Updated: Apr 20, 2021
When we are young, we are taught the ways of the modern western world - a rock is a rock, it's just a rock.
In school, we are taught about science; chemistry, physics, and biology. In biology we are taught about our physical bodies, in physics, we are taught about atoms and molecules, and in chemistry, we are taught about the periodic table. In Physical Education we are taught about our bodies again, about being healthy, about the 'healthy eating' pyramid and that is our education...pretty much. 13 years of schooling and not one class dedicated to human emotions, the complexities of the human body, and how intrinsically connected our emotions are to our physical state.
Yes, you may go more deeply into the human mind if you take a psychology class, learning about Sigmund Freud's model of the psyche - the 'id', the 'super ego', and the 'ego' - but still, nothing in that class will mention the mind body connection in depth.
A little on the mind body connection...
"Happier thoughts lead to essentially a happier biochemistry. A happier, healthier body." Dr John Hagelin
My whole life and I'm sure yours as well, I have always thought the body is separate to the mind. The body is the body, and the mind is the mind, and yes they make the person a whole, but they are separate because that's what we are taught.
In western medicine, we have General Practitioners, who 'generally' tackle the smalls stuff and have a 'general' knowledge of medicine. If you go to them with something outside of their scope, you go to a specialist. I've always thought it funny growing up - then later extremely frustrating at the beginning of my pelvic pain journey, that we in the western world have divided the body into parts. Your stomach hurts you see a Gastroenterologist, your bladder hurts you see a Urologist, your vagina hurts you get sent to a Gynecologist. We don't see the body as a whole system working together, just like we don't see the body and mind as a whole system working together. We even send you to a Psychologist if you feel sad, to tackle the mind stuff. Again, we don't see the mind and body as a whole - one whole person, all systems working together, affecting one another all the time.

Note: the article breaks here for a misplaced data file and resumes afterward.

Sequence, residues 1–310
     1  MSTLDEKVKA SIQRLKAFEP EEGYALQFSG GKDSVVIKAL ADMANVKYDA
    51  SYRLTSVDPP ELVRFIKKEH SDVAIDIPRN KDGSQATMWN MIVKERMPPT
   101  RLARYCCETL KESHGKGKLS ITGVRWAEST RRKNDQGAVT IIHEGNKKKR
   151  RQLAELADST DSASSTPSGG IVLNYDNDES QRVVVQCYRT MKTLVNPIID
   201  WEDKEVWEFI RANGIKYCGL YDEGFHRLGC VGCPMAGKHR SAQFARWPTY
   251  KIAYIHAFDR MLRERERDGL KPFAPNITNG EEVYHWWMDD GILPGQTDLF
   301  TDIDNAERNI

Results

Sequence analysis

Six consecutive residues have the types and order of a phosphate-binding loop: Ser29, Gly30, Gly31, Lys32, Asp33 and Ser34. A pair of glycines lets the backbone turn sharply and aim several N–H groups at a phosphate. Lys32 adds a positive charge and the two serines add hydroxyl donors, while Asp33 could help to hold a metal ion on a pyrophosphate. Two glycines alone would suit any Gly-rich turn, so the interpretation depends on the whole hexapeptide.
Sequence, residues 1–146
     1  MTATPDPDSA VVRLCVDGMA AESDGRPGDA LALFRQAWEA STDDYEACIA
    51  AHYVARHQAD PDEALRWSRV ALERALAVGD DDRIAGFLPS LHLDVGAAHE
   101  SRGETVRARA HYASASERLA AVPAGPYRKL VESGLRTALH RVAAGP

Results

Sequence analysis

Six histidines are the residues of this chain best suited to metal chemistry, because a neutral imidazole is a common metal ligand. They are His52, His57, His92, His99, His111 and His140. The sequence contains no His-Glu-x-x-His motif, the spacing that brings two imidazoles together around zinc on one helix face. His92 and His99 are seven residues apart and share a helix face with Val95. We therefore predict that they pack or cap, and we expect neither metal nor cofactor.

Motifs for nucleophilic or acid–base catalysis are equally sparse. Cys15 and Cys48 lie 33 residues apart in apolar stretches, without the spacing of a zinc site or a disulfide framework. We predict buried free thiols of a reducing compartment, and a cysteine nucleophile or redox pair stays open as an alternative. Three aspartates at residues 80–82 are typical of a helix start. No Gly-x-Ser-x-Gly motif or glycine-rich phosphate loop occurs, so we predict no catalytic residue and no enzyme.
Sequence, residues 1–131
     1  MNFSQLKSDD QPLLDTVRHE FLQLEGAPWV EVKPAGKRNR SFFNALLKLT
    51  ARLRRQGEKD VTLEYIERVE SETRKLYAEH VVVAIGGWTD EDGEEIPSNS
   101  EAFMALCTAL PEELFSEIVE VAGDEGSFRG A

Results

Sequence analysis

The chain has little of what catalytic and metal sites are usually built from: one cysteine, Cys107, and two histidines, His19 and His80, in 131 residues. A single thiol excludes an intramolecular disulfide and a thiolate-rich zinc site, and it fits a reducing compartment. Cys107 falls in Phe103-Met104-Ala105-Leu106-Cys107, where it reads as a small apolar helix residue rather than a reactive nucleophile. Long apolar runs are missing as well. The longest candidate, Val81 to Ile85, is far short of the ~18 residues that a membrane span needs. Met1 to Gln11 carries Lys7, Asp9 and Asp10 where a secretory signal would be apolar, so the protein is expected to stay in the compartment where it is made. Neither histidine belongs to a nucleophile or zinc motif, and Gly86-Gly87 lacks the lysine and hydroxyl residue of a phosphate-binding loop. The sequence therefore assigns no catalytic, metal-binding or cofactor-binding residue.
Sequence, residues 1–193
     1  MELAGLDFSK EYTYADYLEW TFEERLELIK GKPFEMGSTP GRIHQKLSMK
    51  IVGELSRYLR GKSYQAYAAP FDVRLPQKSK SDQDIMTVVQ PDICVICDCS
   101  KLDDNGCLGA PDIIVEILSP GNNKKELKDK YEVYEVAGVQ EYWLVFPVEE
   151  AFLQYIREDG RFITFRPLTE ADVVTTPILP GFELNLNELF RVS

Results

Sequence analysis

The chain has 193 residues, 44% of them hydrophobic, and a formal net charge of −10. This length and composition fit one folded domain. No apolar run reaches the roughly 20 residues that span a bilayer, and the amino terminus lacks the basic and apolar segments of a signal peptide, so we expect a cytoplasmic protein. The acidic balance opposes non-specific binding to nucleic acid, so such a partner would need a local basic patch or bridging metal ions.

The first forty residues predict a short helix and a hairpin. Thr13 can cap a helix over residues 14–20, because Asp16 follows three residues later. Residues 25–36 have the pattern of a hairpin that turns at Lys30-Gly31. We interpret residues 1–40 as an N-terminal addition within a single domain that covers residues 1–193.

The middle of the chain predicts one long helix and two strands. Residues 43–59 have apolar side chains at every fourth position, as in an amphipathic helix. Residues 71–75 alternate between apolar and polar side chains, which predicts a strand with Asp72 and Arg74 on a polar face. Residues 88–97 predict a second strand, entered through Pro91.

It's taken me over 12 years to discover and learn how important the mind body connection is. 12 years of chasing symptoms, from specialist to specialist, chasing symptoms not seeing the connection.
Now I do see the connection, and boy does it literally blow my mind how important the education on how our emotions affect the body is. More importantly how you feel (emotions) can affect your pelvic pain, any chronic pain (body).
None of what I'm talking about is new, we know intuitively from a young age that a physical change in our body can cause an emotional change. We fall down and hurt our knee we feel physical pain, which causes our emotional state to change from happy to sad. When we get older we start exploring sex - we feel love or lust, feel arousal, and changes happen to our bodies.
What's important here is that we know the mind and body are intrinsically linked. What is interesting and confusing for so many is why chronic pain and chronic pelvic pain can linger, increase, change or spread depending on our emotional state. To answer this we need to look at pain first.